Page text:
MDU plans to close 3 coal fired electric generation units in ND, Montana – KFYR-TV

BISMARCK, N.D. – Montana Dakota Utilities plans to close three coal fired electric generation units at two locations in North Dakota and Montana.

MDU says the units will close within the next two to three years and a new simple cycle natural gas combustion turbine will be built.

The decision was made as part of the companies resource plan.

The unit at the Lewis and Clark Station in Sidney, Mont., is expected to close near the end of 2020. The two units at the Heskett Station in Mandan, N.D., are expected to close at the end of 2021.

MDU says the total cost of building and operating a new simple-cycle combustion turbine is expected to be about half the total cost of continuing to run both stations.

Montana-Dakota employs 77 people between the two coal stations and only 10 employees will be needed to operate the new units.

MDU says it will offer training to employees who wish to fill open positions in other areas of the company.

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Merck’s PhIII liver cancer study for Keytruda fails on two key endpoints, just three months after the FDA gave it the green light – Endpoints News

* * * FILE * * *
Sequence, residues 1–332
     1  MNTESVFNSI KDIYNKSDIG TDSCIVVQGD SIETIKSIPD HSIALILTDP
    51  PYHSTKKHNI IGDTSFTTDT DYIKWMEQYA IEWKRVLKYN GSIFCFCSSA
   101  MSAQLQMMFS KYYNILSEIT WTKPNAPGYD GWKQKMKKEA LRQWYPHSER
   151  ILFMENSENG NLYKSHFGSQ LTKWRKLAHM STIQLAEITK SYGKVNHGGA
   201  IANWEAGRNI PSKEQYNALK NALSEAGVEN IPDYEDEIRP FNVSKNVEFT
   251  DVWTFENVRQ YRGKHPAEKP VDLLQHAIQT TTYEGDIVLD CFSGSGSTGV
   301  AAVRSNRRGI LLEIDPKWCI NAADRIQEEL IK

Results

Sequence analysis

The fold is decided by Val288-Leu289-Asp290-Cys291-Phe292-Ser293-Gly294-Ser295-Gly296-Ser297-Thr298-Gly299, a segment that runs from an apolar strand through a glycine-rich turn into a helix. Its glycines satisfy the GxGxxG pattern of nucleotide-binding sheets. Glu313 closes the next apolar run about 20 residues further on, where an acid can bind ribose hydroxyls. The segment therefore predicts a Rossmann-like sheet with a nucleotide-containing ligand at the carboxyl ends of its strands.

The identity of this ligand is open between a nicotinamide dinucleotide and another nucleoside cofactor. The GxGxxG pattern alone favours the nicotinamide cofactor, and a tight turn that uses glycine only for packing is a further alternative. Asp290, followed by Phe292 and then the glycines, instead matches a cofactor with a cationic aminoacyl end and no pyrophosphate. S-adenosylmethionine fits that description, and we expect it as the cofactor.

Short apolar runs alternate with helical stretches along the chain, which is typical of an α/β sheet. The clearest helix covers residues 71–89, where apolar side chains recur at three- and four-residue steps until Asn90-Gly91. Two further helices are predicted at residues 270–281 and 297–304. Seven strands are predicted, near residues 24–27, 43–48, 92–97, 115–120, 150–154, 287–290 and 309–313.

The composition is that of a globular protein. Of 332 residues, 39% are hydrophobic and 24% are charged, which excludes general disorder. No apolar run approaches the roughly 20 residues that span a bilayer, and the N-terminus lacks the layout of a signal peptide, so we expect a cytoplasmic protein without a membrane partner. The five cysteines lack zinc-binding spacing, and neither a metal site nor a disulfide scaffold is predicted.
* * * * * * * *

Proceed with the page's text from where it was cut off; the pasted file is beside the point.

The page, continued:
In a rare setback, Merck has suffered a key Phase III failure for Keytruda that could put a crimp in its sales prospects.

Roy Baynes

The pharma giant reported after the market closed on Tuesday that Keytruda failed the KEYNOTE-240 study for hepatocellular carcinoma, the most common type of liver cancer. The trial missed on both overall survival as well as progression-free survival. That news arrived just 3 months after the FDA offered an accelerated approval on liver cancer based on their earlier mid-stage data for the drug. 

Staying on the market requires Merck to put up positive pivotal data. Questions about the drug’s future in liver cancer dinged Merck’s stock $MRK, which dropped slightly more than 1% after the release hit.